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Beads-on-a-string, characterization of Ets-1 sumoylated within its flexible N-terminal sequence

TitleBeads-on-a-string, characterization of Ets-1 sumoylated within its flexible N-terminal sequence
Publication TypeJournal Article
Year of Publication2006
AuthorsMacauley, MS, Errington, WJ, Scharpf, M, Mackereth, CD, Blaszczak, AG, Graves, BJ, McIntosh, LP
JournalJournal of Biological Chemistry
Volume281
Pagination4164-4172
Date PublishedFeb
Type of ArticleArticle
ISBN Number0021-9258
KeywordsBACKBONE DYNAMICS, CRYSTAL-STRUCTURE, DNA-BINDING, MODIFICATION, NMR-SPECTROSCOPY, NUCLEAR-BODIES, POINTED DOMAIN, SUMO, TRANSCRIPTIONAL REPRESSION, TUMOR-SUPPRESSOR, UBIQUITIN-CONJUGATING ENZYME
Abstract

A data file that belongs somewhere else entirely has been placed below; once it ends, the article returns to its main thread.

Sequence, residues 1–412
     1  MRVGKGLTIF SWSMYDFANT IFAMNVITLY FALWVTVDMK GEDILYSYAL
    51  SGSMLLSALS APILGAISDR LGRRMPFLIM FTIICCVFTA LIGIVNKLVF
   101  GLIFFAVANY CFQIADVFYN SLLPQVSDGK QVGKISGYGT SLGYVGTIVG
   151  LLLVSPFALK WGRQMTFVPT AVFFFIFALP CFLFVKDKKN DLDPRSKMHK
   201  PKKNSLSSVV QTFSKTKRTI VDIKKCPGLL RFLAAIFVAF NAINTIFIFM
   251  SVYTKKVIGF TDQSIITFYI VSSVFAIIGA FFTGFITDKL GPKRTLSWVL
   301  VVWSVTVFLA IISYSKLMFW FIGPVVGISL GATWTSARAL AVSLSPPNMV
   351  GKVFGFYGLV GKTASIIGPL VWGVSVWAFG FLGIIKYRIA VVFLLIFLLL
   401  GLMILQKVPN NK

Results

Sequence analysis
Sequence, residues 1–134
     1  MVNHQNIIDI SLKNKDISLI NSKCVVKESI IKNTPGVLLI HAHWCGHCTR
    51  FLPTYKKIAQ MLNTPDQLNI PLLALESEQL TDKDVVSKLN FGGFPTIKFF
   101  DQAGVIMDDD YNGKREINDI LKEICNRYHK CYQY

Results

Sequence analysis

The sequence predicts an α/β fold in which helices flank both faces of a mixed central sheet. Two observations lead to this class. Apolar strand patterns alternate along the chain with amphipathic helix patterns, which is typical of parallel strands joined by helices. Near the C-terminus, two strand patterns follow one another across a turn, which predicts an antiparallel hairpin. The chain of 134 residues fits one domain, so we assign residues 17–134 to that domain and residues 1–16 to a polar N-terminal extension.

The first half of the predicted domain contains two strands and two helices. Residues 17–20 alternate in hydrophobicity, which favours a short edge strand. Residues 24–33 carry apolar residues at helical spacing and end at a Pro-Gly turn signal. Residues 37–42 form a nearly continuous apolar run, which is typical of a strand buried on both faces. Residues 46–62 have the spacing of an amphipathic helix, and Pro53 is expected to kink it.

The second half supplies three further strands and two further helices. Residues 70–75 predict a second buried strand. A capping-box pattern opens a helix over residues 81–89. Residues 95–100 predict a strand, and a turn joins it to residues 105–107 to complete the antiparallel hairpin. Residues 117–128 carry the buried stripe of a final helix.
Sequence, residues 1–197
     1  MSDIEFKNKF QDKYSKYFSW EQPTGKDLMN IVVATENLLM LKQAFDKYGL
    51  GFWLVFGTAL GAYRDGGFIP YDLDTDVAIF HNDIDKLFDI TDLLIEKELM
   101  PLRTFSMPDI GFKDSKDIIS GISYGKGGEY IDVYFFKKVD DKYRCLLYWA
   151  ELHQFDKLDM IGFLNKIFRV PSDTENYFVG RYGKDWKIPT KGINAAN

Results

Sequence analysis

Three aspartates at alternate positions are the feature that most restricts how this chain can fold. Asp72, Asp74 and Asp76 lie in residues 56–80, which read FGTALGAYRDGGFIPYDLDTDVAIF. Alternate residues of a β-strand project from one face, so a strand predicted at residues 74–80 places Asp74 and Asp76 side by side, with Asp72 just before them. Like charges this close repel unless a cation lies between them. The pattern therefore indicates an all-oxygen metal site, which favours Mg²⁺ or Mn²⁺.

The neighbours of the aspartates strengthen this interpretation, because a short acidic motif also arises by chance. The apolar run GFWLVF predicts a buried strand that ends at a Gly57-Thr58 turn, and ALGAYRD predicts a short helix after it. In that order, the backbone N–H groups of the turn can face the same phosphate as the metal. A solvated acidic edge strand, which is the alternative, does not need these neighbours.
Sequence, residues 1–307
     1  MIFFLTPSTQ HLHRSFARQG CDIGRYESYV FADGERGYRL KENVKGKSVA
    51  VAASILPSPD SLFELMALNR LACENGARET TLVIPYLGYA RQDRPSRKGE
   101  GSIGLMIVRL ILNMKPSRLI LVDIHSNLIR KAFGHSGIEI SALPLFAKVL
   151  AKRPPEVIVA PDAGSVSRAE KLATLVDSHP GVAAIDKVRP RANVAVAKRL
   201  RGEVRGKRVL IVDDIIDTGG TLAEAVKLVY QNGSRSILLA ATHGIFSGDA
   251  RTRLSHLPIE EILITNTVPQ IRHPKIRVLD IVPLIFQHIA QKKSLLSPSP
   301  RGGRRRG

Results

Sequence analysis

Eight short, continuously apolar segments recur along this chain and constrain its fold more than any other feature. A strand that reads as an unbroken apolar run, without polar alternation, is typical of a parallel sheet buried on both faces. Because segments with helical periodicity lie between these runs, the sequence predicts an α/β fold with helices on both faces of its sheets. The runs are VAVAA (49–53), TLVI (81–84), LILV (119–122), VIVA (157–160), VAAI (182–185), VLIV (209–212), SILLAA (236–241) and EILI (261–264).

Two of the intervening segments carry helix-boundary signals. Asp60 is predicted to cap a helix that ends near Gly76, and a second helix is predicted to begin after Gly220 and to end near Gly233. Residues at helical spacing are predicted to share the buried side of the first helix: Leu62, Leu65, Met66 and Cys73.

Sumoylation regulates the activities of several members of the ETS transcription factor family. To provide a molecular framework for understanding this regulation, we have characterized the conjugation of Ets-1 with SUMO-1. Ets-1 is modified in vivo predominantly at a consensus sumoylation motif containing Lys-15. This lysine is located within the unstructured N-terminal segment of Ets-1 preceding its PNT domain. Using NMR spectroscopy, we demonstrate that the Ets-1 sumoylation motif associates with the substrate binding site on the SUMO-conjugating enzyme UBC9 (K-d similar to 400 mu M) and that the PNT domain is not involved in this interaction. Ets-1 with Lys-15 mutated to an arginine still binds UBC9 with an affinity similar to the wild type protein, but is no longer sumoylated. NMR chemical shift and relaxation measurements reveal that the covalent attachment of mature SUMO-1, via its flexible C-terminal Gly-97, to Lys-15 of Ets-1 does not perturb the structure or dynamic properties of either protein. Therefore sumoylated Ets-1 behaves as "beads-on-a-string" with the two proteins tethered by flexible polypeptide segments containing the isopeptide linkage. Accordingly, SUMO-1 may mediate interactions of Ets-1 with signaling or transcriptional regulatory macromolecules by acting as a structurally independent docking module, rather than through the induction of a conformational change in either protein upon their covalent linkage. We also hypothesize that the flexibility of the linking polypeptide sequence may be a general feature contributing to the recognition of SUMO-modified proteins by their downstream effectors.

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